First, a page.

Good idea, but an opportunity lost. There is an abundance of alleys and back courts, textured brick wall to expose and enjoy. This could yet happen. Nanaimo has a great downtown with many potential pedestrian opportunites.

I returned to my old stomping ground Centro Historico a couple of years ago. There have been dramatic changes. Where once the Zocalo was the center of political protest (it could yet return to the old ways) it is now a center for cultural events. Sitting on the roof top restaurant balcony of Gran Hotel Ciudad de Mexico many performances, art exhibtions and events are evident. Colonia Roma's La Condesa has under gone a similar epiphany. The message, of course, is that Nanaimo is in the same artistic transition. Nanaimo is in the process of marking its own creative foot print on the world.

As an urban designer I like that!

Preliminary downtown pedestrian circulation study.

To the aspiring urban designer: let no one persuade you drawing skills are unimportant. They are very important! Your drawings inform the public, and indeed yourself, of your intentions.

Downtown Nanaimo is, and has been, for years a place for events: Writing in chalks, Van Isle 360, Canada Day, the Bath tub races, First night, parades etc. Downtown has become a center for music, dance, any number of entertaining events that call for public spaces to fit the occasion. A matrix of interconnected urban spaces and plazas then becomes appropriate..

There is nothing inherently wrong with downtown as an entertainment center/culture park: indeed it is a good generator of entry level jobs and more. It is, nevertheless, incompatible with residential development. That does not preclude pretty streets and urban plazas.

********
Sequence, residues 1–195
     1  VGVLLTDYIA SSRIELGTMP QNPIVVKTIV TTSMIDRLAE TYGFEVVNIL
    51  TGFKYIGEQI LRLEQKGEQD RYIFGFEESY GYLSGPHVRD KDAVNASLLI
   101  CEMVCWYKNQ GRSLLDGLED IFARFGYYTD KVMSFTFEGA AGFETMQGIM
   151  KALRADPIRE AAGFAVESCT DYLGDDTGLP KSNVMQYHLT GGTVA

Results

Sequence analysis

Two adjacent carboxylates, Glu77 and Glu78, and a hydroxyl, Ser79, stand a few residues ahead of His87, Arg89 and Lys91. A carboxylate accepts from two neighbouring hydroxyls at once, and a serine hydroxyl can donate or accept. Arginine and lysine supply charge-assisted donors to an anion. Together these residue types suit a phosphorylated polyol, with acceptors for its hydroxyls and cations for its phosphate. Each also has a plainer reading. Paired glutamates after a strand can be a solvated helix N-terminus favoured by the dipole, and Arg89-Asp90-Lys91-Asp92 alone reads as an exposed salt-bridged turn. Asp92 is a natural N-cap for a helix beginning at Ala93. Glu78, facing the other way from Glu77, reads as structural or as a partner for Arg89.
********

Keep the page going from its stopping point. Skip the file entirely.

Granville Island, Vancouver, is a striking example of a successful urban culture park, though given its catchment of some 2.5 million, not to be replicated in Nanaimo. There is no residential accommodation on Granville Island.

Downtown Nanaimo's culture park must find its own metier, forte!

Commercial / Front parade: a shaded arbor lined walk, an amenity to be repeated throughout downtown and the crescent, between the new VICC and the new Nanaimo Centre for the Performing and Visual Arts: the Nanaimo Foundry re-incarnated. The germinating seed for a pedestrian downtown.

My methodology for downtown attempts to establish strong pedestrian movement between nodes, north / south Crescent Plaza, VICC - NCPVA and east / west, Mount Benson View Gardens (3) and Pioneer Waterfront Plaza (7).

There is potential for residences over storefronts: possibly an additional 2,500 people. Conflict of view v's vista makes ideal siting for residential terraces or highrise somewhat contentious: terrace houses inhibit views while badly sited high rises tend to block vistas.

Terminal Avenue provides freestanding commercial, this is good for jobs, and discreet car storage backed by potential park-like rock outcrops.

Perennially beautiful Commercial Street languishes. Turning The Port entrance onto the Plaza would help . . .

Re-dressing the orientation of The Port Theatre's entrance onto Harbour Front Plaza.

Nevertheless, the potential for a cultural park is enhanced. Nanaimo as the central transportation hub conveniently connects, via Terminal Avenue, the Island Highway, the length of Vancouver Island.